Life as a university student in the late 70s was a buzz and I really thought the world was my oyster when I earned my articles with Ryan Carlisle Thomas, one of Victoria's leading labour law firms. Some 30 years later I am still at Ryan Carlisle Thomas. I have been a partner since 1992 and two children later, I am able to reflect on how life has changed for women in the law.

Of course the reality now is very different with many female barristers, judges and partners in law firms, myself included. And yet even though women in the workforce have come so far, any close analysis shows how far we still have to go. Even if the statistics didn't show that women still face more barriers in work than men, anecdotally we can see that sexism is alive and well in the workplace.

The recent sexual harassment claim against David Jones is a case in point. What I think was most interesting about this case is the way it captured the public imagination. After all there is nothing so unusual about the allegations made against Mark McInnes (the former CEO of David Jones) and in the 80s no one would have batted an eyelid at such conduct (particularly not the barristers I referred to above) and I doubt whether the allegations would have ever found their way in court. Women back then just liked it or lumped it.

No doubt the level of damages sought ($37 million) contributed to the media frenzy. There is also little doubt that the fact that the complainant was a young attractive woman helped drive the publicity and of course the media love any story which involves sex, power and money.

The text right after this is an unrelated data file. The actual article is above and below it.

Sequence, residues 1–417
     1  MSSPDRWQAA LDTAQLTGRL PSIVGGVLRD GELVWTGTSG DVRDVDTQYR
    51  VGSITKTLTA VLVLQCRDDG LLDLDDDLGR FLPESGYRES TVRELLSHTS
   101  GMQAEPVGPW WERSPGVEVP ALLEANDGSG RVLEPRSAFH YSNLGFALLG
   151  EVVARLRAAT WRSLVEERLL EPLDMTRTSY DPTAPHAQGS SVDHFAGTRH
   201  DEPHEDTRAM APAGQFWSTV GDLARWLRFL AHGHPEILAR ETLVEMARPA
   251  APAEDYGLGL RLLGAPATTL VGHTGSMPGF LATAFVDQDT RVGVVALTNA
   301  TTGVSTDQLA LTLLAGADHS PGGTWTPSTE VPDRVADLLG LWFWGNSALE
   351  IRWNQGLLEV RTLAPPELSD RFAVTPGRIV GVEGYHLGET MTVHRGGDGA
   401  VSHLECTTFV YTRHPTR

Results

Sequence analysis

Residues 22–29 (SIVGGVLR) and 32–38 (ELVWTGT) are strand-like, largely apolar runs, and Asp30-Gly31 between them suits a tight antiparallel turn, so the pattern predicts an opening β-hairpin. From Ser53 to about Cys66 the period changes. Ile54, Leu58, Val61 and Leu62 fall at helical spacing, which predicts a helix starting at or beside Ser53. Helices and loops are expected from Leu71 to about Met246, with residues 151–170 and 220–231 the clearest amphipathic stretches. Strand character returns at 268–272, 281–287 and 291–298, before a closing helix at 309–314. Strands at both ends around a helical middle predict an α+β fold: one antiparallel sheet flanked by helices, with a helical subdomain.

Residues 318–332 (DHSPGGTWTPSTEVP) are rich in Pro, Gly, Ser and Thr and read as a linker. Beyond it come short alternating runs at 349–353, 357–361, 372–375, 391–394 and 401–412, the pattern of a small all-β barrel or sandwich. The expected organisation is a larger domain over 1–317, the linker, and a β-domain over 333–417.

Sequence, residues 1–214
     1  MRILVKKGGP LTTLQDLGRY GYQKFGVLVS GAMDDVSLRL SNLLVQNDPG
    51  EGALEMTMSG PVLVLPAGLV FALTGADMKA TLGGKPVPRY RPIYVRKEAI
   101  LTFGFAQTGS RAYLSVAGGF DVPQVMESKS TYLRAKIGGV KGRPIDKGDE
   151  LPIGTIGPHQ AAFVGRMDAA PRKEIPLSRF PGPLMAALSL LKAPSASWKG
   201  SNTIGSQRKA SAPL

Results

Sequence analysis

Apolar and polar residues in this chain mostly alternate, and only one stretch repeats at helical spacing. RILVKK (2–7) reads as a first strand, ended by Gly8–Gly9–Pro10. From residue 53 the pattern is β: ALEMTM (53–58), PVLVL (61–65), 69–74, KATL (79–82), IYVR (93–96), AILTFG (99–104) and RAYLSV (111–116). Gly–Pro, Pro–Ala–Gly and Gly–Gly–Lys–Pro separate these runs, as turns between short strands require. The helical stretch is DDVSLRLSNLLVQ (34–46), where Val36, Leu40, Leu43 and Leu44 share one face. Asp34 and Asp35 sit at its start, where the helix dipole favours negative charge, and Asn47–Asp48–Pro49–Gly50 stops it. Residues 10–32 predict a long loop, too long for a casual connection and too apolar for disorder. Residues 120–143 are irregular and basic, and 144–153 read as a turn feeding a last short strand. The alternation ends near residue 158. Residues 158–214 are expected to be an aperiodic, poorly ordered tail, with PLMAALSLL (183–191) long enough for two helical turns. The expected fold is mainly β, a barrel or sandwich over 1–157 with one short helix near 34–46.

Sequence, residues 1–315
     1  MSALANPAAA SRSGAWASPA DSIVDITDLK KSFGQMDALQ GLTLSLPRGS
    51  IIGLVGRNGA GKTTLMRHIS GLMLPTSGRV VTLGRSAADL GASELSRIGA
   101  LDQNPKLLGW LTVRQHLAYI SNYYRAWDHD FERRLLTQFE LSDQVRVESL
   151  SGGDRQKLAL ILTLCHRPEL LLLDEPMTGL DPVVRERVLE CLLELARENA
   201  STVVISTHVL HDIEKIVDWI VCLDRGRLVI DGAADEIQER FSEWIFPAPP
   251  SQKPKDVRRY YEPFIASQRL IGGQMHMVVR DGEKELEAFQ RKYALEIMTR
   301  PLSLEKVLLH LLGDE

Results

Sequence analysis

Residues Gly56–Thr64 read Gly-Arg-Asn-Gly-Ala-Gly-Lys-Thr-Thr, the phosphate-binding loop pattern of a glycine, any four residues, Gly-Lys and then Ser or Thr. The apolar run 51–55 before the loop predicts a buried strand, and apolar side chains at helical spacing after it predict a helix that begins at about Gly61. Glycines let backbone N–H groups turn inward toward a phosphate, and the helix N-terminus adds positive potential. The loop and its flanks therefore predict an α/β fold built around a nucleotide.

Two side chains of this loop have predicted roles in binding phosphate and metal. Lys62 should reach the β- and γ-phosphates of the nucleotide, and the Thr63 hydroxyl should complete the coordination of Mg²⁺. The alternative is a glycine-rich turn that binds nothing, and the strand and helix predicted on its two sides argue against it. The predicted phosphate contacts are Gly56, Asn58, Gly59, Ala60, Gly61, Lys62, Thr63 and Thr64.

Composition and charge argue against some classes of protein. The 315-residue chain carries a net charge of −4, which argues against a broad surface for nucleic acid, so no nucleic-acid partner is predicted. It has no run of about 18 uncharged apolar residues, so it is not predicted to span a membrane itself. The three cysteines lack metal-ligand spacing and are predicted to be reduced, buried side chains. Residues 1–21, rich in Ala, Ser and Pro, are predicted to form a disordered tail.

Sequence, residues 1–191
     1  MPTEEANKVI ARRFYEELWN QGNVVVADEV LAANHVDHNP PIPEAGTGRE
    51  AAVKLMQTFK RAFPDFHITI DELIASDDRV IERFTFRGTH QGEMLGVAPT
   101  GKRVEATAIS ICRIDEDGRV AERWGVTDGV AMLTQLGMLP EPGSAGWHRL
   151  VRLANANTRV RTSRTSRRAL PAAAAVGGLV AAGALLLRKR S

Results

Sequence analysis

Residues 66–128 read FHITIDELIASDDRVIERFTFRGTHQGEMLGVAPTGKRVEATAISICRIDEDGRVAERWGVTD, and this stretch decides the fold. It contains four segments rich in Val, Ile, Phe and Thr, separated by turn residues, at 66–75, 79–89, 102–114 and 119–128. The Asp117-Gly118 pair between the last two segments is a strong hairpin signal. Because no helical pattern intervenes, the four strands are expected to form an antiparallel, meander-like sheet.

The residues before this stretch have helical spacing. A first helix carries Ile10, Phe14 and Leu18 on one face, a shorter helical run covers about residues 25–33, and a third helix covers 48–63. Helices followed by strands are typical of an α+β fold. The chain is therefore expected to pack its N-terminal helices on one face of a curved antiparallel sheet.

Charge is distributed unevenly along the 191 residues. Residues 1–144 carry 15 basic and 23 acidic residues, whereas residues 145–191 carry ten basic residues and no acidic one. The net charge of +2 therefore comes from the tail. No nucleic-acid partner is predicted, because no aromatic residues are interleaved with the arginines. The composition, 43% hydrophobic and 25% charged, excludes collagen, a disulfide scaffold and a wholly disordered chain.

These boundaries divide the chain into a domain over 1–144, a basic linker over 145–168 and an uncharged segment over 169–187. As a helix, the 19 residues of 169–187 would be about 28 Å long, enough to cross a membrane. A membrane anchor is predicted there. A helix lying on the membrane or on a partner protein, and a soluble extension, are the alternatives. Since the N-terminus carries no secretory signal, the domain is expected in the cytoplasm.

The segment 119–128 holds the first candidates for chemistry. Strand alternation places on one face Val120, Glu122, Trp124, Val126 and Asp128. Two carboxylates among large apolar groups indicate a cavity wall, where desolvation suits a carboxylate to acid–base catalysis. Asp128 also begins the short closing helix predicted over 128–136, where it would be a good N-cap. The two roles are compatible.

Despite the blaze of publicity, Kristy Frazer Kirk reputedly settled for $850,000, which was much less than the $37,000,000 she was seeking.1 Even though the reputed settlement sum is still a great deal of money and anecdotally one of the highest settlements we have seen in this type of claim, it would be interesting to ask Ms Frazer Kirk in twelve months time if she thinks it was all worth it.

So whilst on the one hand it is disappointing that conduct such as that complained of might still exist in the workplace, one would hope that young women are less prepared to put up with it.

So how far have women come in the workplace and is equal pay for equal work any closer to becoming more a reality than it was in 1969 when women were granted the right to equal pay for equal work?2